Protecting slogans as trademarks: how and why

Although not impossible, seeking trademark protection for slogans can prove difficult. While some slogans have achieved success, most are unlikely to meet the requirements for trademark registration. Trademark Attorney Trecina Surti sets out the criteria to consider when looking to protect a slogan in the European Union.

Slogans are memorable mottos, phrases or taglines used in advertising and for promoting a brand. Generally used alongside the main brand identifier, e.g. the company name, they can help companies to build brand identity, and yet are rarely considered distinctive enough on their own to be registered as a trademark. Registration is possible, however, as Nike’s ‘JUST DO IT’ and McDonald’s ‘I’M LOVIN’ IT’ trademarks show.

Why register a slogan as a trademark

The right slogan can add significant value to a brand. Businesses understandably wish to protect that value, and the marketing efforts and resources involved in its creation. However, in order to successfully obtain trademark protection for a slogan, the standard criteria for trademark registration still needs to be fulfilled, in that it must:

  • Be available for registration in the chosen class, i.e. the same or a similar slogan must not have been already registered in the class or jurisdiction for the same or similar group of services;
  • Not be too ‘descriptive’: if the trademark is too descriptive of the goods or services or any characteristics of them, then the trademark office will likely object to the mark;
  • Be ‘distinctive’: the more distinctive the wording used, the more likely it will be that the trademark will be awarded protection by the relevant register.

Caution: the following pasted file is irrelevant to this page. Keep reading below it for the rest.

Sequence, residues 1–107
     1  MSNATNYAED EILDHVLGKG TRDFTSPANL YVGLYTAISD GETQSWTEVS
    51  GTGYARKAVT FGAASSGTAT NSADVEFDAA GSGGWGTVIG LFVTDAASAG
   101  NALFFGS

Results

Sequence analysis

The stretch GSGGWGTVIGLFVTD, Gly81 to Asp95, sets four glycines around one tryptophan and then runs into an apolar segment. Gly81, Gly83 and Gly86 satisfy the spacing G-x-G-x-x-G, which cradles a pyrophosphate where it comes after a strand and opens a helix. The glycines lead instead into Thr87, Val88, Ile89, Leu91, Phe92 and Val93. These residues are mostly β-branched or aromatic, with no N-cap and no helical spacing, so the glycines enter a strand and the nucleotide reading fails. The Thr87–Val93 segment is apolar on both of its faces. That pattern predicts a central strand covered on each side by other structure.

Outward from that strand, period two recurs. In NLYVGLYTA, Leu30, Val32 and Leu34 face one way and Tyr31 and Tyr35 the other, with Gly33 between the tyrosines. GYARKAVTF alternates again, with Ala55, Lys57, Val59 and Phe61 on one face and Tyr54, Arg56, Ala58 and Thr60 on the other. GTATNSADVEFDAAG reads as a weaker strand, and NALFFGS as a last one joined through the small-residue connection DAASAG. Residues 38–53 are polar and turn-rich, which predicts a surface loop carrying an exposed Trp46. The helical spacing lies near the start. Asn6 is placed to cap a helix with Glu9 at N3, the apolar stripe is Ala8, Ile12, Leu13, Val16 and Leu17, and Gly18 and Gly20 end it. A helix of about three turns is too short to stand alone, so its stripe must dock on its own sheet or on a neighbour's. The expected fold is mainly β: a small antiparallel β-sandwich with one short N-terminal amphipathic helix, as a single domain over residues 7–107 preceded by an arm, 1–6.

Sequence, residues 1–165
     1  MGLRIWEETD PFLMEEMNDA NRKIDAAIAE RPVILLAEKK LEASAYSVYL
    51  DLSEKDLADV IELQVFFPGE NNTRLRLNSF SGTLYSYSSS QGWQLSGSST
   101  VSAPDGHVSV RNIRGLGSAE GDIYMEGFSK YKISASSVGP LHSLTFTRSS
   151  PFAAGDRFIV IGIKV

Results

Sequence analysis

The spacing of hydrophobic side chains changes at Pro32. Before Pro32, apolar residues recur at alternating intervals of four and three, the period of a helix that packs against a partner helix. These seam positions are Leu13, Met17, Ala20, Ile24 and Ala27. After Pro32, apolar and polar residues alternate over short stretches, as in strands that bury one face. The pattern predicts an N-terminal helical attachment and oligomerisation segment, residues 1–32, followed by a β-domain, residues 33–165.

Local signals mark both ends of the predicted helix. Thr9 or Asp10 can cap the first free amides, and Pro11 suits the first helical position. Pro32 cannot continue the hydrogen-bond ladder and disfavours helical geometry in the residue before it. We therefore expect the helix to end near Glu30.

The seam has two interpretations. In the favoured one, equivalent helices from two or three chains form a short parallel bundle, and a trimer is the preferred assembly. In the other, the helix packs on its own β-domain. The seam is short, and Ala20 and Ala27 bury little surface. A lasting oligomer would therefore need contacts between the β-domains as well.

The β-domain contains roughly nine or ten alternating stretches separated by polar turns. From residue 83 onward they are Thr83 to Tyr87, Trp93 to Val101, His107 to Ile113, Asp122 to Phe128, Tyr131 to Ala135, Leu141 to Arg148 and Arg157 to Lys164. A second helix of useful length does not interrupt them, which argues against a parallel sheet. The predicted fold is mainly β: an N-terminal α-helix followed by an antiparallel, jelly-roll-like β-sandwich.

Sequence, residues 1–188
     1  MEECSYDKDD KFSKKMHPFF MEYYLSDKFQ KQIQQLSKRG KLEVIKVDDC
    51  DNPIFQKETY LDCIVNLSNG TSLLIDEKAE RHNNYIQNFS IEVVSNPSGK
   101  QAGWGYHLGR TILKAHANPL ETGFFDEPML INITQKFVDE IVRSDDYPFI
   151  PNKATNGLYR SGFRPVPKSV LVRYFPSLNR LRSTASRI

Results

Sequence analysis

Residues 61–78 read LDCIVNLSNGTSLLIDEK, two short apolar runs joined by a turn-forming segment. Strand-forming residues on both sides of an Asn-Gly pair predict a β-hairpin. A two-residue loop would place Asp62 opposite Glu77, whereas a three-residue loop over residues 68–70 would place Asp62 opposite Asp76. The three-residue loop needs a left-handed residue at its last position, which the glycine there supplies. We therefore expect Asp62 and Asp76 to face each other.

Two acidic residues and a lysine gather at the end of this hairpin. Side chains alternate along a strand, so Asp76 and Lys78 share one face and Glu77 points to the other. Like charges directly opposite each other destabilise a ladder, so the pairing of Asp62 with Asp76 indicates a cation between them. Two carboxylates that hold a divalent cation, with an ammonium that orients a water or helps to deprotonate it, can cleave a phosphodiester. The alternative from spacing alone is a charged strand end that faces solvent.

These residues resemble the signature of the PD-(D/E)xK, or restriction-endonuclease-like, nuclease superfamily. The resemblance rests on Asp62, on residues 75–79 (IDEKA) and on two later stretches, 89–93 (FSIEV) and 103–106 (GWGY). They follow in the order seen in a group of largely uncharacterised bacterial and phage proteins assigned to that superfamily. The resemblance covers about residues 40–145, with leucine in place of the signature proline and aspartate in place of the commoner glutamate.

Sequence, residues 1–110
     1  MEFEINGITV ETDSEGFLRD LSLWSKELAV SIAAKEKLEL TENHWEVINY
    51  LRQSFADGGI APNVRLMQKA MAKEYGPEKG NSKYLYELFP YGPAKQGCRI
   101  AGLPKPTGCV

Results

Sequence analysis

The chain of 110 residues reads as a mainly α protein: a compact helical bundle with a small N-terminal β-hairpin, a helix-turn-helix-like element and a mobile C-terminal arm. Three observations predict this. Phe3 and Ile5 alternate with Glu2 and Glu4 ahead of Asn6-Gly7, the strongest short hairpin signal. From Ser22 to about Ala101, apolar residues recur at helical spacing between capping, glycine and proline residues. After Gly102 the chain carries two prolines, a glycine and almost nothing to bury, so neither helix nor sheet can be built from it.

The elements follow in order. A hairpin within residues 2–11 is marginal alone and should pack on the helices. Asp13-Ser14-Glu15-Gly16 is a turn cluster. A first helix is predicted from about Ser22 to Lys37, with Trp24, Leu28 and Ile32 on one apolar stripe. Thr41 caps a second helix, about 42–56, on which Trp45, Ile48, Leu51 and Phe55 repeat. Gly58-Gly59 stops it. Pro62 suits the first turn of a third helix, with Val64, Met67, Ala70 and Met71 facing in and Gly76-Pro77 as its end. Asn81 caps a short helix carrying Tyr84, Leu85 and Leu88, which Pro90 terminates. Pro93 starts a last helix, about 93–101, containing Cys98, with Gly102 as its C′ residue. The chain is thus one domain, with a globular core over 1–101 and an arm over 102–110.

It is this final requirement that can often pose the greatest hurdle for brand owners seeking to register their slogans as trademarks. The EUIPO is especially strict when it comes to trademark protection for slogans, and such marks must first and foremost be distinctive. In other words, laudatory, common phrases are unlikely to achieve registration in the EU.

Easily memorable

It was previously held that slogans by the very nature were not distinctive enough to function as trademarks. However, Audi’s seven-year battle to register its ‘Vorsprung durch Technik’ slogan (‘advantage through technology’) at the EUIPO, marked a change in this view. In its 2010 ruling, the Court of Justice of the EU (CJEU) held that an advertising slogan can have the necessary distinctive character needed to constitute a trademark, if it is seen as more than an ordinary advertising slogan. The CJEU also advised that if the slogan is easily memorable, imaginative, surprising, unexpected, or is a play-on-words, it will have the necessary distinctive character to be regarded as a trademark.

Acquired distinctiveness

Kit Kat’s ‘HAVE A BREAK’ slogan also overcame the hurdle of being non-distinctive, but in this case it was due to its long-standing use. In this instance, the Court of Justice confirmed that use of the slogan in conjunction with the registered ‘KIT KAT’ trademark is possible if the mark has acquired its own distinctiveness, through use. In response, Nestlé filed substantial evidence demonstrating the distinctiveness of the slogan, as use of the advertising slogan dated back to the 1950s.

Thus, a good advertising campaign showing substantial use over a number of years will help to overcome the hurdle of a slogan that is otherwise descriptive and non-distinctive, if the mark has acquired distinctiveness. However, short intense marketing campaigns for several months are unlikely to be enough to evidence this.

Designing slogans with trademarks in mind

A promotional slogan can also be considered registrable as a trademark in the EU if it indicates commercial origin. We recommend opting for unique, distinctive, catchy phrases that are easily distinguishable to allow consumers to identify the source of the goods or services.

If you are looking to register a slogan, please contact us for advice on registrability.

Trecina Surti is a Trademark Attorney in the London office of Novagraaf.

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